The downfall of John Hackworth

The downfall of John Hackworth

I’ll start by saying this: I like John Hackworth. He was a very nice guy that made covering the team an enjoyable experience. And after seeing him interact with his players and interviewing him for this long-form feature, I still believe he was the right man to be the Philadelphia Union’s manager after Peter Nowak was fired two years ago and that, contrary to what some might have thought, running an MLS team was the logical next step in his coaching career.

But being close to the team, you also notice certain problems (not all of which were his fault) that when put together make Tuesday’s firing of Hackworth understandable, even if most of the onus for the team’s struggles should fall on team CEO Nick Sakiewicz.

Here’s a summary of what I think the biggest problems were (though I’m sure you guys might have a few more to add in the comments section) that led to Hackworth’s demise and the promotion of a Philly guy who had a 4th-and-26th-themed wedding:

1. Playing favorites (and vice versa): OK, so every coach has his favorites and we all know that Hackworth valued (some would say overvalued) guys like Danny Cruz, who’s known for his hustle and grit more than his soccer savvy. But, in my opinion, his biggest issue was stubbornly not playing certain guys who clearly had a lot of skill – players like Roger Torres, Bakary Soumare, Kleberson and even Freddy Adu. Not starting Soumare at the beginning of the 2013 season, you could argue, set the stage for the serious center back problems that plagues the team today. And even though Kleberson wasn’t the player he once was, giving him more minutes last season (if only for his free-kick expertise) could have been the difference in making the playoffs and not making the playoffs.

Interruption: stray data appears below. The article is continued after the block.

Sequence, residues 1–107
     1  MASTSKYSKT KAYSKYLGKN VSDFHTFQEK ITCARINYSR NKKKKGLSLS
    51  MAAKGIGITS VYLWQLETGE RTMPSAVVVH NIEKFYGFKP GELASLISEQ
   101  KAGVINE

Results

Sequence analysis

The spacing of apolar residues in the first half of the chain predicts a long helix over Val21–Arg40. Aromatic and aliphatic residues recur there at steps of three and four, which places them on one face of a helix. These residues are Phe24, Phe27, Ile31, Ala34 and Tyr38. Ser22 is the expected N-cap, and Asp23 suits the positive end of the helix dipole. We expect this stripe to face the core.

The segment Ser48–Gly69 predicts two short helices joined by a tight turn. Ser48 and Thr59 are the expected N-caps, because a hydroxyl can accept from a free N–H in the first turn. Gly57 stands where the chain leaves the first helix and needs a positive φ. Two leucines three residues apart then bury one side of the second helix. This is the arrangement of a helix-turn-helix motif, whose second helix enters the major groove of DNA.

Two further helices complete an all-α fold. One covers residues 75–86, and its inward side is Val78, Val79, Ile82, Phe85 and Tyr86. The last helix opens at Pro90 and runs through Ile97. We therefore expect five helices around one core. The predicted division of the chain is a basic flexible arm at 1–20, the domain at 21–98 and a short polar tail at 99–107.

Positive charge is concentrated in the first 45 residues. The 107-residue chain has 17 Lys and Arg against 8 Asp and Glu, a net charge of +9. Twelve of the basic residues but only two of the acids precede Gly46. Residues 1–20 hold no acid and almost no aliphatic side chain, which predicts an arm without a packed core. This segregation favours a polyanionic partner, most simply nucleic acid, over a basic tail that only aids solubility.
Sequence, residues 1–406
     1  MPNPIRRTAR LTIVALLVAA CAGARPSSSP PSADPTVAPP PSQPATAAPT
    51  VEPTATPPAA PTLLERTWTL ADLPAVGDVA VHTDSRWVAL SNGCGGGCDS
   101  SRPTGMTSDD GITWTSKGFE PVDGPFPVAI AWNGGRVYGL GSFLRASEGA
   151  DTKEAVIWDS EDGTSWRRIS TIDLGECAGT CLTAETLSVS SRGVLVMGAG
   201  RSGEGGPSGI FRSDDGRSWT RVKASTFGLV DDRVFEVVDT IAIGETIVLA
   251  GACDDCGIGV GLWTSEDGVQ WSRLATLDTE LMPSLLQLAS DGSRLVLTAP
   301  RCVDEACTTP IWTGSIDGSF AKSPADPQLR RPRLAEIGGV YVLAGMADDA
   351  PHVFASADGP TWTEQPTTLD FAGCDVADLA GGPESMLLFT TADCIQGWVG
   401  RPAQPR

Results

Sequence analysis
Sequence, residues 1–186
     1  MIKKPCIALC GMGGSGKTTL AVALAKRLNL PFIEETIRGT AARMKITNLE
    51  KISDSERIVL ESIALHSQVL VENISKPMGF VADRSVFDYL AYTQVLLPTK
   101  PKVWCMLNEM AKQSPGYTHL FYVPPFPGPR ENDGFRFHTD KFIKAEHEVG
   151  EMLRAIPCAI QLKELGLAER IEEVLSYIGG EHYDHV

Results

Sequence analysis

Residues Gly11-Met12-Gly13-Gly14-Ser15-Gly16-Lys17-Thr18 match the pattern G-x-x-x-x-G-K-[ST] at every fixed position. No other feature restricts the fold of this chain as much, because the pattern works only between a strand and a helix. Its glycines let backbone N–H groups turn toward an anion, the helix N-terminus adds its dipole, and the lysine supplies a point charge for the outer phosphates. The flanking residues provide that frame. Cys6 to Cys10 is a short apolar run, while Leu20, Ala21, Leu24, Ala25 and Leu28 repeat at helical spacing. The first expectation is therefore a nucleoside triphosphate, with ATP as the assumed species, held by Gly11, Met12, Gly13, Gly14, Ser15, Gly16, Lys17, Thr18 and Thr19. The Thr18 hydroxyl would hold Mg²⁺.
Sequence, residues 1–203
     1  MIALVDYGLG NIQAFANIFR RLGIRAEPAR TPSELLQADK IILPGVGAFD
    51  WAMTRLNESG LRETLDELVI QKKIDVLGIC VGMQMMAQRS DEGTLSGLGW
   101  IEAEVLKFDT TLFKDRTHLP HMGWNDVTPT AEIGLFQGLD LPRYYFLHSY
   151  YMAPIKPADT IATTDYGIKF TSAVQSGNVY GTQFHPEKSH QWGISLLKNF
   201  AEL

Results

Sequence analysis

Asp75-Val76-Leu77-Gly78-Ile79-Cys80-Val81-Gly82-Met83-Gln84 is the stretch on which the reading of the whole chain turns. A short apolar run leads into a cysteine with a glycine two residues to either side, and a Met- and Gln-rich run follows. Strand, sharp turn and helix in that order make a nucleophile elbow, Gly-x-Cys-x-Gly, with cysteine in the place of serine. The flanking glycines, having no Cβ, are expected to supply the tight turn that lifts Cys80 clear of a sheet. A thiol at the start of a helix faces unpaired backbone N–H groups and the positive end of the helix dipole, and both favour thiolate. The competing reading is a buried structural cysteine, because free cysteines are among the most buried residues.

2. Tactics/lineups: This is a broad one and there’s certainly a lot to dissect, but I think his main tactical misstep this season was trying to play high-pressing attacking soccer when his team lacked the personnel to do so. As such, the Union often looked disjointed and were prone to counter-attacks and defensive giveaways. Perhaps they could have overcome this but the backline lacked any kind of stability because of Hackworth’s lineup shuffling, led by converted striker Aaron Wheeler starting eight games at center back before Hackworth finally admitted it was a mistake. Trying to fit aging captain Brian Carroll into the central midfield along with Maurice Edu and Vincent Nogueira also proved more difficult for Hackworth than he anticipated.